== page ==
“We’ve lost three years as a city of being able to build that momentum,” Malcolm said. 

A recent 800-person BC Hydro survey noted that 56% of respondents said that they have increased their consumption of TV and streaming services above what they were pre-pandemic, compared to 29% who reported doing so in a similar survey that ran in Sept. 2020.

The seven-day play: Speedrunning a theatre production

Belfry 101 is not just all about building the next generation of theatre appreciators. A smaller group of older and dedicated students are spending the first week of their spring break writing and preparing their very own theatre piece. 

A play would normally take months to write, rehearse, and prepare for its first showing. “This is definitely an accelerated, intensive experience,” said Malcolm.

This year’s play—currently with the working title of AA: Anxiety Anonymous—will be performed this Sunday, March 26, at the Belfry Theatre as the closing act in its annual SPARK festival. It’s the first Belfry 101 theatre showing since 2019.

“I can’t tell you what the show is yet,” said Dave Morris, another Belfry 101 coordinator. “But there’s a lot of exploring of anxiety and uncertainty about the future.” 

A quick glimpse at the paper sheets pasted on the side of the theatre reveals snippets of the dada-ist scenes that Belfry 101 is offering: Characters arguing in a forest about what a fish is, building individually compelling but collectively absurd ichthyological conclusions. A man, stuck in a hole but happy about it.

Patrick Hissen from Mount Douglas Secondary School said the fish scene is an allegory for what happens when people speak on topics they're not informed on to avoid appearing stupid. Hissen, along with fellow Mount Douglas student Amelia Croft and Jenn Waugh from Claremont Secondary formed an informal circle on stage, tweaking dialogue and trying out accents that might fit the scene.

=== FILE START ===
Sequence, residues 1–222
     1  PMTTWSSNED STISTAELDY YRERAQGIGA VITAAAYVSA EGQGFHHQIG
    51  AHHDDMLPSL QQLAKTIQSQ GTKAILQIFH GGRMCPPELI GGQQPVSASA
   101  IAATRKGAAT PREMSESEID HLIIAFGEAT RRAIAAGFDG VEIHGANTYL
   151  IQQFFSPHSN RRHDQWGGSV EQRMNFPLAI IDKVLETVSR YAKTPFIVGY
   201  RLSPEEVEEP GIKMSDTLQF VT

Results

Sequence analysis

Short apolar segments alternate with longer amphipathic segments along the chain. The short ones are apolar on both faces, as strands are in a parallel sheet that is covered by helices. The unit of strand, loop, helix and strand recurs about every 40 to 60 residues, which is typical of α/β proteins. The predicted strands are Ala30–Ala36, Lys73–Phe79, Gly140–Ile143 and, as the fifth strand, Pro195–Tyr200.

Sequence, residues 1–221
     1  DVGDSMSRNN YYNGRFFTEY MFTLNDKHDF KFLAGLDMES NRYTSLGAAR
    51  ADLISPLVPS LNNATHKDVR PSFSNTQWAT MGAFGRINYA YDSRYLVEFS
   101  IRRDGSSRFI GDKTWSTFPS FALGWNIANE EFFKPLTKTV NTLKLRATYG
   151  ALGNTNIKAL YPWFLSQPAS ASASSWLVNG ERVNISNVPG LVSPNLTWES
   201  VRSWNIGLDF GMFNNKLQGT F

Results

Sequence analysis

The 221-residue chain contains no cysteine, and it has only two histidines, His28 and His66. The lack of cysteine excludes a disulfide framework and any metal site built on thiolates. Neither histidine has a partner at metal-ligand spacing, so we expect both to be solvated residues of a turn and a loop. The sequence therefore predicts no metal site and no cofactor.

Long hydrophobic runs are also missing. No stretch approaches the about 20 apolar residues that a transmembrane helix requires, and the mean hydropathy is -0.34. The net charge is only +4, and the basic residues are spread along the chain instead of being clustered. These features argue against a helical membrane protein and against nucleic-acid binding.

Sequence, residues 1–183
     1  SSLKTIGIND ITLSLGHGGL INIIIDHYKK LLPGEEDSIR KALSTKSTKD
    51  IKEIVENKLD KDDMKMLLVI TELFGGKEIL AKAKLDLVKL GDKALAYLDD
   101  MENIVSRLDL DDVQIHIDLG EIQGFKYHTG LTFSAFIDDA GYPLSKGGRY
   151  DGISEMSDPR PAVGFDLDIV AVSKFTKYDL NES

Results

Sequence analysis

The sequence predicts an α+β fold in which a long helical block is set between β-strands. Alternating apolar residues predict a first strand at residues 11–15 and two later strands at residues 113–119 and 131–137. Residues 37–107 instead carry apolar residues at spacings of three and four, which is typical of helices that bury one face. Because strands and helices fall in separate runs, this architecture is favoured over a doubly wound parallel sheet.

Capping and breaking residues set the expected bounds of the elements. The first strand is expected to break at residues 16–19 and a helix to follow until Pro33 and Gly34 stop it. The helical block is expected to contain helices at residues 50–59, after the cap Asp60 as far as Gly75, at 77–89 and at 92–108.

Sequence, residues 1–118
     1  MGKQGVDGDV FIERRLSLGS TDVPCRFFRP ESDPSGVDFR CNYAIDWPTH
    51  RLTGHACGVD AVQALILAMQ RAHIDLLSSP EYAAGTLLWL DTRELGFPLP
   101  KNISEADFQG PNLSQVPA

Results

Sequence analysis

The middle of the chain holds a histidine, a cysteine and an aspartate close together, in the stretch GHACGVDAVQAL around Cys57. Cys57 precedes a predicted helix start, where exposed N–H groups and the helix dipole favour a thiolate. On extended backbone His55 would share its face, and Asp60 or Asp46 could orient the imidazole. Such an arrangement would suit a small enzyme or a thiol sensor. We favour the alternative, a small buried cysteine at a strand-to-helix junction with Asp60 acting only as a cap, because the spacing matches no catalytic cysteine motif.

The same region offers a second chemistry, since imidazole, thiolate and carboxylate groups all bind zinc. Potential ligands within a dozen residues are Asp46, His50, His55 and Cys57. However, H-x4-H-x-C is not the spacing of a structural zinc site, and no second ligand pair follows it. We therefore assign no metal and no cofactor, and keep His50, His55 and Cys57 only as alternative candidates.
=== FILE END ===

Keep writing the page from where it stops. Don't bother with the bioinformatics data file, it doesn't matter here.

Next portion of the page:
The play is being written at a whirlwind pace during the weekdays. Students spend the weekend in rehearsal for the show on Sunday evening.

“All of these kids, when they started high school, were immediately sent home during the pandemic,” said Morris. “So their whole high school experience and the expectation of graduating has been very disrupted.”

“There’s some Google Classroom scenes, exploring anxiety about Google Classroom,” he added. 

The program’s pandemic gap meant that there were no returning students this year to help bring along newcomers.

“We’re kind of all just figuring it out together again,” said Malcolm. 

But the teenagers are enjoying the process. 

“There’s friendships built here, and a community of actors turning into a cast,” said Chloe Unger, another Belfry 101 participant. “Performing in front of an audience is great. It’s a great experience to go through. It’s nerve wracking for anybody, but there’s such satisfaction that comes with that.”

The Belfry 101 show will be performed this Sunday, March 26 at 7:30pm at the Belfry Theatre. Tickets are $10.